When, not if

Backup Tapes

Today over tea I was holding forth about backup methods, which reminded me that I’ve long meant to post something about how I’ve been handling it. To wit: right now, I’ve got a two-part system—constant partial backup online via SugarSync and less frequent but complete offline backup using Time Machine and an external hard drive.

Yes, I got backup religion the hard way, by having my laptop drive fail in 2006 when it was six months out of standard warranty. I was able to salvage most of my data using Prosoft Data Rescue, but only because I happened to notice before it went into a complete dive that the drive had failed its S.M.A.R.T. status test. Now I keep Smart Reporter in my menu bar, and I back up constantly and redundantly, over and over again, a lot. And I always fork up the money for AppleCare, which replaced that dead drive in a weekend.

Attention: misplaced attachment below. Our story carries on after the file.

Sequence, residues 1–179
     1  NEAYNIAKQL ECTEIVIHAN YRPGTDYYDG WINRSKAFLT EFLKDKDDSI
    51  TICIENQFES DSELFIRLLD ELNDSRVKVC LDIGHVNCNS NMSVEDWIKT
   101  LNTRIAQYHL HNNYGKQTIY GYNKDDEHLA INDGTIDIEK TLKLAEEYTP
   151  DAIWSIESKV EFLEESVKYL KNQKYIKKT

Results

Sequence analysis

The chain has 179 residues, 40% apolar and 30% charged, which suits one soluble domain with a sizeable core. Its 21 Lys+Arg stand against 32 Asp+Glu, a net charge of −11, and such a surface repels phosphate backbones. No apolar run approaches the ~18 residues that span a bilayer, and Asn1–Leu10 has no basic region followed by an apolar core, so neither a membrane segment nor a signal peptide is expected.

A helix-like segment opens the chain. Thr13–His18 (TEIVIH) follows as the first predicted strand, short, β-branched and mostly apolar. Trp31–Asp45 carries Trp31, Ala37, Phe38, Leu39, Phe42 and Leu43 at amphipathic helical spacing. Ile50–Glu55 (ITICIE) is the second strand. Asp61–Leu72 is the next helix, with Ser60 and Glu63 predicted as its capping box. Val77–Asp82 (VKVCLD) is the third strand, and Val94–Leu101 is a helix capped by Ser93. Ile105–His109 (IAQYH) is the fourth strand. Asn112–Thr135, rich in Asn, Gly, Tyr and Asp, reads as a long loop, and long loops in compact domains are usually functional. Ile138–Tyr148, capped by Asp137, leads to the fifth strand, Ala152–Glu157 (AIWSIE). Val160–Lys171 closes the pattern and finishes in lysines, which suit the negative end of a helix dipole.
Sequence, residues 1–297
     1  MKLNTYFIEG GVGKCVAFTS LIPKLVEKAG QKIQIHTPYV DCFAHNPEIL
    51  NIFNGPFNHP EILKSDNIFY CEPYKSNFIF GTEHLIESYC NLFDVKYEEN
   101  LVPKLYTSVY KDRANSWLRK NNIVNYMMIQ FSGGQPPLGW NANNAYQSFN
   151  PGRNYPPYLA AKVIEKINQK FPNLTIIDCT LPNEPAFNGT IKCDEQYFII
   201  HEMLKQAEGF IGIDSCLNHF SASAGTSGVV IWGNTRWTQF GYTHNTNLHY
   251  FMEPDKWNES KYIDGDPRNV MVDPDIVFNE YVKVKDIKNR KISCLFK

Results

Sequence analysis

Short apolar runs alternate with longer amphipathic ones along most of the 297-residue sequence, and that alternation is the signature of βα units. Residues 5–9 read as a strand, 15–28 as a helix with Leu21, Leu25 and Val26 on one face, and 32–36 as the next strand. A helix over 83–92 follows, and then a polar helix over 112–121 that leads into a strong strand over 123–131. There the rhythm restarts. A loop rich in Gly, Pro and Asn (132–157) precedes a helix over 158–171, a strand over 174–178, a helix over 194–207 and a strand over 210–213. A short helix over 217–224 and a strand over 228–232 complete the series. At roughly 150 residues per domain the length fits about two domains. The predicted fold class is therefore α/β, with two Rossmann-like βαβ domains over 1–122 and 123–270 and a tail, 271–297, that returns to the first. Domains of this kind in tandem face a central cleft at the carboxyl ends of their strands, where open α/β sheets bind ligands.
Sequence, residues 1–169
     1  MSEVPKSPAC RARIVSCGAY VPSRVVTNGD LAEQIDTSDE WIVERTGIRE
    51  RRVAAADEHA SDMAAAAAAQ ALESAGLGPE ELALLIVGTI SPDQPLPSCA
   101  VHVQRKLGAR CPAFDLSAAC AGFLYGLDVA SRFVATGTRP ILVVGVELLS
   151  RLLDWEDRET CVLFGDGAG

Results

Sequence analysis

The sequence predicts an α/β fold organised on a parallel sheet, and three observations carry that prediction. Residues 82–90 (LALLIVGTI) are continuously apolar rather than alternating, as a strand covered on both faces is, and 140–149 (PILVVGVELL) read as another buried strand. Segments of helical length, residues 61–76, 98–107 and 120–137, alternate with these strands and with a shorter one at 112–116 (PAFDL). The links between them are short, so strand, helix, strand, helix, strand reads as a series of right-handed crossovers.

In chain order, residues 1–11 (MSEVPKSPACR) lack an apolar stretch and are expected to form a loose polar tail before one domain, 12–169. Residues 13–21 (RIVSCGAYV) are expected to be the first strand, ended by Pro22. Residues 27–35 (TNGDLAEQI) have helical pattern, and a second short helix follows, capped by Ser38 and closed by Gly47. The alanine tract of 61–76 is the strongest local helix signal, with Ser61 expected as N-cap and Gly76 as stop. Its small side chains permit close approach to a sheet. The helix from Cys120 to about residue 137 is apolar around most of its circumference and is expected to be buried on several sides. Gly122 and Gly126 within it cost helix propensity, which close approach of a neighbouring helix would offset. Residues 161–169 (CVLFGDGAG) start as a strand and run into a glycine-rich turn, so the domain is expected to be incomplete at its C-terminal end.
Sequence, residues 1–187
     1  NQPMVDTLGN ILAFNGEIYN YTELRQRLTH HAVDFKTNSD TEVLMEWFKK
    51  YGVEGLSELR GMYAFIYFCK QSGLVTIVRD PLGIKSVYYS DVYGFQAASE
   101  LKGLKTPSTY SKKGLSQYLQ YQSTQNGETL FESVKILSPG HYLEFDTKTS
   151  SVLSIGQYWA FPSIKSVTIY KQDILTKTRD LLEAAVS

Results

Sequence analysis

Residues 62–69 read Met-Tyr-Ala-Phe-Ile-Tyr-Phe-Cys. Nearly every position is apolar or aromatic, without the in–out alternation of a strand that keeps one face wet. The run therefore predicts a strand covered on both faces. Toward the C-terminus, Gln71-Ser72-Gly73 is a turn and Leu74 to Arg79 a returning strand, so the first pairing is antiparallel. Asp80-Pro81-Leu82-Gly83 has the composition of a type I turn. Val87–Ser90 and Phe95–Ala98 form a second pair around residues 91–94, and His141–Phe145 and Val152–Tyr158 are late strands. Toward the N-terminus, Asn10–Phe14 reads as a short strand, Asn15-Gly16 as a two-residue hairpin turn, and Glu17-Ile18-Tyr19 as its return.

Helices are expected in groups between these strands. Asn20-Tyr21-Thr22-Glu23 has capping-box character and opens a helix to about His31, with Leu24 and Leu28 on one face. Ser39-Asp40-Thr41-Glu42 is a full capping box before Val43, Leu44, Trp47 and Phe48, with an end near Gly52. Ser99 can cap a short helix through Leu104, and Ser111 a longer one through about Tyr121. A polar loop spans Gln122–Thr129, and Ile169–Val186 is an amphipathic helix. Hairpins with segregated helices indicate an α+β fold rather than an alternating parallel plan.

Online

SugarSync (if you sign up using that link—even for a free account!—I get more storage; win-win) is, as the name suggests, intended for synchronizing files across multiple computers. You can set up folders that are automatically mirrored on all your machines, as well as ones that are merely backed up to SugarSync’s server. I use this to keep all my current freelance projects, schoolwork, 1Password data, and other essential stuff mirrored across all the computers I use, and to keep within reach some less important files that I’m not sure I may need while on the go.